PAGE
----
Things to do this week: Annual Hope Conference, Light Up the Night Bike Ride and Ab-Soul at WOW Hall
Thursday, April 13 through Saturday, April 15: 23rd Annual Hopes Conference at the UO School of Allied Arts and Architecture (1206 University St.), 12-8 p.m., free
The theme of the 23rd Annual Hopes Conference is displacement, specifically the global displacement of resources, populations and natural rights. Each panel, workshop, speaker and social mixer will base discussion around how and where to intervene “amid these conditions of change,” and how to harness “opportunities of displacement to cultivate more resilient systems.”
The main panel is “Divided Cities: Modern Gentrification” hosted by University of Oregon student group STAnDD [Supporting the Advancement of Diversity in Design]. Speakers and hosts include a variety of design professionals, including design principal at NYC-based studio SCAPE Gena Wirth; agriculturalist and soil physician James Cassidy; and United States High Commissioner for Refugees head of the CCCM unit Andrew Cusack. There is also a dinner gathering on Saturday night to close the conference, catered by Falling Sky Brewery. All events are free and open to the public.
Thursday and Friday, April 13 and 14: Eugene Symphony: ‘The Damnation of Faust’ at the Hult Center for the Performing Arts (7th and Willamette) 8 p.m., $22-$68.25, student discounts available
The Eugene Symphony will be performing the works of classic French composer Hector Berlioz through its modernized performance of “The Damnation of Faust.” The performance will feature the Eugene Symphony Chorus performing in tandem with a display of digital imagery created by the Harmonic Laboratory.
“The Damnation of Faust,” a story of seduction and damnation, is a pseudo-opera that has long defied classification and has historically been difficult to perform. Modern musicians have strived to recreate the performance as Berlioz originally envisioned it using modern technology and techniques.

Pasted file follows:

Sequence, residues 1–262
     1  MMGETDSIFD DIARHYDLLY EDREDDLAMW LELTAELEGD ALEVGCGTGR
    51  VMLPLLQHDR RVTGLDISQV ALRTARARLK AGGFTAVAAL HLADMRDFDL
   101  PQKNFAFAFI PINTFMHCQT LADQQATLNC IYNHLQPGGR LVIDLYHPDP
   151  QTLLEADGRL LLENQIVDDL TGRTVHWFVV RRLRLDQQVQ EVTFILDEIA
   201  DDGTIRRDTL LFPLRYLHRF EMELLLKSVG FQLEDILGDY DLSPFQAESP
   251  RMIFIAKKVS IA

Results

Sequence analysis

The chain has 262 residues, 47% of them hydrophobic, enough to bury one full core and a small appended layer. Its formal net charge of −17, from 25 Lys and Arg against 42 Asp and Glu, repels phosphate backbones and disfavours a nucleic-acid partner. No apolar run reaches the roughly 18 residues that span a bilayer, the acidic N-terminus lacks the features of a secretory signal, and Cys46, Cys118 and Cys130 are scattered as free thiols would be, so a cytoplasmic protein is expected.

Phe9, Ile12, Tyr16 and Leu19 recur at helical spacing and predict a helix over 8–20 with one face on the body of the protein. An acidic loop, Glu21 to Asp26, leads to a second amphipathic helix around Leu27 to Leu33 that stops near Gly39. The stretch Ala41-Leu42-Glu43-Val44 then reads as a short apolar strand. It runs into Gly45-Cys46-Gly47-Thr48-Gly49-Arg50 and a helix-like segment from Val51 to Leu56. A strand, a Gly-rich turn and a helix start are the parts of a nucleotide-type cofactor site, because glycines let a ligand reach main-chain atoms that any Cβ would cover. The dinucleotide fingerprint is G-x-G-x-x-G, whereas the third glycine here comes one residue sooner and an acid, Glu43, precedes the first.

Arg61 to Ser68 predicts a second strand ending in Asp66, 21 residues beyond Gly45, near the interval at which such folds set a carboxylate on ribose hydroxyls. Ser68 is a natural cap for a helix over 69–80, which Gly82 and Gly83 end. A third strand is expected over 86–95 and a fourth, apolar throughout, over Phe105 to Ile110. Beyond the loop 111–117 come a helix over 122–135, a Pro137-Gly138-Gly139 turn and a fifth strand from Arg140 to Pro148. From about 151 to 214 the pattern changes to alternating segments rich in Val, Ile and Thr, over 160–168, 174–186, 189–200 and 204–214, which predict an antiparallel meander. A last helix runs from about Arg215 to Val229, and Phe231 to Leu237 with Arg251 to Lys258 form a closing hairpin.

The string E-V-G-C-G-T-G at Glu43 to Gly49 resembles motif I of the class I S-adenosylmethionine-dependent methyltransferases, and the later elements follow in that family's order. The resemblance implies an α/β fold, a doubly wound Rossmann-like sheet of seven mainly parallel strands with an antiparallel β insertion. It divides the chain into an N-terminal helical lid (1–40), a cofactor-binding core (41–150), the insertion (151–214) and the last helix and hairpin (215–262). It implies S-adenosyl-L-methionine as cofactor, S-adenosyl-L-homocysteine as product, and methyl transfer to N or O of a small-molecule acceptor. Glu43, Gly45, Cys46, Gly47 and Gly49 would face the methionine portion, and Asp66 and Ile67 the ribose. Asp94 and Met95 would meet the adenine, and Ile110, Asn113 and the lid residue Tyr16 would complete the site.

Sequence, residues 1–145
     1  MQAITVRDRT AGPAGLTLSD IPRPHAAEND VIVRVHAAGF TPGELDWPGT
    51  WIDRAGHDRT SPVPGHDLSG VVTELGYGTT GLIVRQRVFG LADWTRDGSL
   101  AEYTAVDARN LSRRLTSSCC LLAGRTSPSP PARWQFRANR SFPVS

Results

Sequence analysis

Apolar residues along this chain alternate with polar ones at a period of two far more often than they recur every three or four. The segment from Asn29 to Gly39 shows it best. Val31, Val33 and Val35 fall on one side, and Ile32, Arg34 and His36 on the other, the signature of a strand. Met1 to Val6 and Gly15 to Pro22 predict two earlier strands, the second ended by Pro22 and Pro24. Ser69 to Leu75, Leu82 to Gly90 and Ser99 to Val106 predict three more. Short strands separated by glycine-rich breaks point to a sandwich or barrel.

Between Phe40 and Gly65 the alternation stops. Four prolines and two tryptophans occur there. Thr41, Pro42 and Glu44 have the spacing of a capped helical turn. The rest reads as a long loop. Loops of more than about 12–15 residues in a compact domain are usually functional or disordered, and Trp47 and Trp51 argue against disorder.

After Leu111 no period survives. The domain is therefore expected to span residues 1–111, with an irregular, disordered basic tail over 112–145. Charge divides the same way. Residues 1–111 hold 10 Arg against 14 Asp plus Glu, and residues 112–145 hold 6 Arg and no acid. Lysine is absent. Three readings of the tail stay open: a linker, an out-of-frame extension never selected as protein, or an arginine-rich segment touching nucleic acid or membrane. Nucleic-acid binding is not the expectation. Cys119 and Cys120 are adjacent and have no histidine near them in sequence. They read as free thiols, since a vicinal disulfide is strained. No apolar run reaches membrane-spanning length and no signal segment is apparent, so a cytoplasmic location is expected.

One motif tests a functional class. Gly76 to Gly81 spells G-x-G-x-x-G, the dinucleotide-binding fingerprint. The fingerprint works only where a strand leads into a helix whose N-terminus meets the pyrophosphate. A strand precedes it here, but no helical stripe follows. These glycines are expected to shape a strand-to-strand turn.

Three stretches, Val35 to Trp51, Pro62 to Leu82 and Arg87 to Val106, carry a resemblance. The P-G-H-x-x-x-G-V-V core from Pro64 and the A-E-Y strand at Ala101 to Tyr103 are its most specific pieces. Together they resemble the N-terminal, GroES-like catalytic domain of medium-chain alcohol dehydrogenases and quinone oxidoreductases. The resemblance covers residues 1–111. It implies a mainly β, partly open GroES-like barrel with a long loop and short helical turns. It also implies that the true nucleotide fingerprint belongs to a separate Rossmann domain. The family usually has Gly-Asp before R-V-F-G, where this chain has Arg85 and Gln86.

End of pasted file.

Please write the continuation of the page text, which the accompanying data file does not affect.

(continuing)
You can learn more about the performance at eugenesymphony.org.
Friday, April 14: Light Up the Night Bike Ride (1225 East 18th Ave.), 7-9 p.m., Free
If you are looking for a bike ride unlike any other, the UO Outdoor Program will be a hosting a nighttime ride with all bikes decked out in colorful lights on Friday evening just before sunset. The ride will start on campus and weave over to Alton Baker Park to see the sunset along the river. This event is free and open to anyone interested. Participants are invited to gather at the Outdoor Program Barn to get strobe lights and reflectors on their bikes before the ride. The group will also start the evening ride from the Outdoor Program Barn.
For more information about the ride or other UO outdoor program events, visit the outdoor program website at www.outdoorprogram.edu.
Saturday, April 15: Ab-Soul at WOW Hall (291 W 8th Ave), 9 p.m., tickets $23 advance, $27 at the door, $65 for Meet & Greet
L.A.-born rapper Ab-Soul (Herbert Anthony Stevens IV) has made a name for himself by being abstract and unexpected. After signing with the rap powerhouse label Top Dawg Entertainment in 2007, he released four commercially successful albums and received praise for his varied musical style. One-fourth of the Black Hippy supergroup (which includes Kendrick Lamar and Schoolboy-Q), Ab-Soul’s production and lyrical content manage to mix the mainstream and metaphysical. His latest project, “Do What Thou Wilt.,” showcases his skill behind the mic while tackling issues of drug use and religion (often in the same song).
Ab-Soul’s existential, heady style will captivate those looking outside the conventions of popular rap when he comes to Eugene’s WOW Hall on Saturday. Expect a night of philosophical bangers.
Tickets are available here: http://www.wowhall.org/events/ab-soul-nick-grant
Tuesday, April 18: Worn Wear at Lillis Business Complex, (955 E 13th Ave), 1o a.m.–5 p.m.
UO’s Net Impact chapter has helped arrange for Patagonia’s clothing repair truck to make a stop at UO. The outdoor-wear company has sent its clothing repair truck to visit colleges across the nation in order to help educate students on how to repair old clothing. The campaign’s mission is to inspire a community that focuses on repurposing, reusing and reducing waste of all kinds. Clothing repair technicians will be fixing all types of clothing — with the exception of backpacks and shoes — and from any brand.
The repair truck will be stationed in front of the Lillis Business Complex following a sustainable consumption conference hosted by Patagonia’s own Rick Ridgeway. A variety of other UO outdoor programs are set to accompany the repair truck on Tuesday. Those who have clothing that needs to be repaired or recycled, but can’t make it to next week’s event can send their items into Patagonia through its website at Patagonia.com/worn-wear .
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